WO2013110742A1 - Controller and method for controlling communication services for applications on a physical network - Google Patents

Controller and method for controlling communication services for applications on a physical network Download PDF

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Publication number
WO2013110742A1
WO2013110742A1 PCT/EP2013/051401 EP2013051401W WO2013110742A1 WO 2013110742 A1 WO2013110742 A1 WO 2013110742A1 EP 2013051401 W EP2013051401 W EP 2013051401W WO 2013110742 A1 WO2013110742 A1 WO 2013110742A1
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WO
WIPO (PCT)
Prior art keywords
network
applications
node
controller
model
Prior art date
Application number
PCT/EP2013/051401
Other languages
French (fr)
Inventor
Hans-Peter Huth
Amine Mohamed Houyou
Original Assignee
Siemens Aktiengesellschaft
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Filing date
Publication date
Priority to EP12000488 priority Critical
Priority to EP12000488.2 priority
Application filed by Siemens Aktiengesellschaft filed Critical Siemens Aktiengesellschaft
Publication of WO2013110742A1 publication Critical patent/WO2013110742A1/en

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Classifications

    • HELECTRICITY
    • H04ELECTRIC COMMUNICATION TECHNIQUE
    • H04LTRANSMISSION OF DIGITAL INFORMATION, e.g. TELEGRAPHIC COMMUNICATION
    • H04L41/00Arrangements for maintenance or administration or management of packet switching networks
    • H04L41/12Arrangements for maintenance or administration or management of packet switching networks network topology discovery or management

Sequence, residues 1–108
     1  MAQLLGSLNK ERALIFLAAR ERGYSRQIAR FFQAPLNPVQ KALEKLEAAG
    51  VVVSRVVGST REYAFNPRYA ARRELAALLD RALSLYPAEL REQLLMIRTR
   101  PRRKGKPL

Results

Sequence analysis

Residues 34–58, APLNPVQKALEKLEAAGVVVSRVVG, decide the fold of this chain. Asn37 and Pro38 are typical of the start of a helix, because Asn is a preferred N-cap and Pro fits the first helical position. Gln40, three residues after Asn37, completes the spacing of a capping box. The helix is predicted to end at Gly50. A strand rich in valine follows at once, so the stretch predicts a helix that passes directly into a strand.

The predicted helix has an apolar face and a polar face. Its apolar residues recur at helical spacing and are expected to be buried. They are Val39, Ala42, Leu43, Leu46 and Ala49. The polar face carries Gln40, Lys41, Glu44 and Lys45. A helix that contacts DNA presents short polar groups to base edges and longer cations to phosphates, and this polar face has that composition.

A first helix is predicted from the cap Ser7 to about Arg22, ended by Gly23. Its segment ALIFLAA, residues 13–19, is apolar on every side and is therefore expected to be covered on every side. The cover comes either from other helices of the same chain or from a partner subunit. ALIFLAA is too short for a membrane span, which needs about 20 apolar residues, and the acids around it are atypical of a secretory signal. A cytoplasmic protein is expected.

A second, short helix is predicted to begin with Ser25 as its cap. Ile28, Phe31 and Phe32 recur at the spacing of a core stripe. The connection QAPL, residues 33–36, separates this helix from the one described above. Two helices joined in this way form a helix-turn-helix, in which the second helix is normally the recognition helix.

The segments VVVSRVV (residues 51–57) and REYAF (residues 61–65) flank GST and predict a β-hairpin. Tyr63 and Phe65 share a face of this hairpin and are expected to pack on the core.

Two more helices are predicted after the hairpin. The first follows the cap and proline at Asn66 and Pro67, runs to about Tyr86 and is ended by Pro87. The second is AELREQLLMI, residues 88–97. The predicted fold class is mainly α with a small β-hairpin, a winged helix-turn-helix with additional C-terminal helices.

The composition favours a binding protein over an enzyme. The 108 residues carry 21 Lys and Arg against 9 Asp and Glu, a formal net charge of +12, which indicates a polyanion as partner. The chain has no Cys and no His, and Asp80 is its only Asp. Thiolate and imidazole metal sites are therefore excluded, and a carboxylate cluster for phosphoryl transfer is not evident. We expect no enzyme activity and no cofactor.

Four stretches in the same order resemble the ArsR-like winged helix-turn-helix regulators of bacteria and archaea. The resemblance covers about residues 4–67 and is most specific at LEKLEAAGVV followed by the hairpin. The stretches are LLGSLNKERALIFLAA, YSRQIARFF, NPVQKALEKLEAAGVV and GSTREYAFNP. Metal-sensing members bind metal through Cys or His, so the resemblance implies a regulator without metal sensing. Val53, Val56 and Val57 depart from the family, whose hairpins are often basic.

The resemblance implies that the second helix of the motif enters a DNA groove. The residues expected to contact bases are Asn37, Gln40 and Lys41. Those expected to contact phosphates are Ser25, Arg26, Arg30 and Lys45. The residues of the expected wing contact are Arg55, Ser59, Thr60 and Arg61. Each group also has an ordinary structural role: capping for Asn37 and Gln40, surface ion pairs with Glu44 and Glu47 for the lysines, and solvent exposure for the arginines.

• HELECTRICITY
    • H04ELECTRIC COMMUNICATION TECHNIQUE
    • H04LTRANSMISSION OF DIGITAL INFORMATION, e.g. TELEGRAPHIC COMMUNICATION
    • H04L41/00Arrangements for maintenance or administration or management of packet switching networks
    • H04L41/14Arrangements for maintenance or administration or management of packet switching networks involving network analysis or design, e.g. simulation, network model or planning
    • H04L41/145Arrangements for maintenance or administration or management of packet switching networks involving network analysis or design, e.g. simulation, network model or planning involving simulating, designing, planning or modelling of a network
    • HELECTRICITY
    • H04ELECTRIC COMMUNICATION TECHNIQUE
    • H04LTRANSMISSION OF DIGITAL INFORMATION, e.g. TELEGRAPHIC COMMUNICATION
    • H04L41/00Arrangements for maintenance or administration or management of packet switching networks
    • H04L41/50Network service management, i.e. ensuring proper service fulfillment according to an agreement or contract between two parties, e.g. between an IT-provider and a customer
    • HELECTRICITY
    • H04ELECTRIC COMMUNICATION TECHNIQUE
    • H04LTRANSMISSION OF DIGITAL INFORMATION, e.g. TELEGRAPHIC COMMUNICATION
    • H04L41/00Arrangements for maintenance or administration or management of packet switching networks
    • H04L41/50Network service management, i.e. ensuring proper service fulfillment according to an agreement or contract between two parties, e.g. between an IT-provider and a customer
    • H04L41/5041Service implementation
    • H04L41/5054Automatic provisioning of the service triggered by the service manager, e.g. concrete service implementation by automatic configuration of network components
    • HELECTRICITY
    • H04ELECTRIC COMMUNICATION TECHNIQUE
    • H04LTRANSMISSION OF DIGITAL INFORMATION, e.g. TELEGRAPHIC COMMUNICATION
    • H04L67/00Network-specific arrangements or communication protocols supporting networked applications
    • H04L67/10Network-specific arrangements or communication protocols supporting networked applications in which an application is distributed across nodes in the network
    • GPHYSICS
    • G05CONTROLLING; REGULATING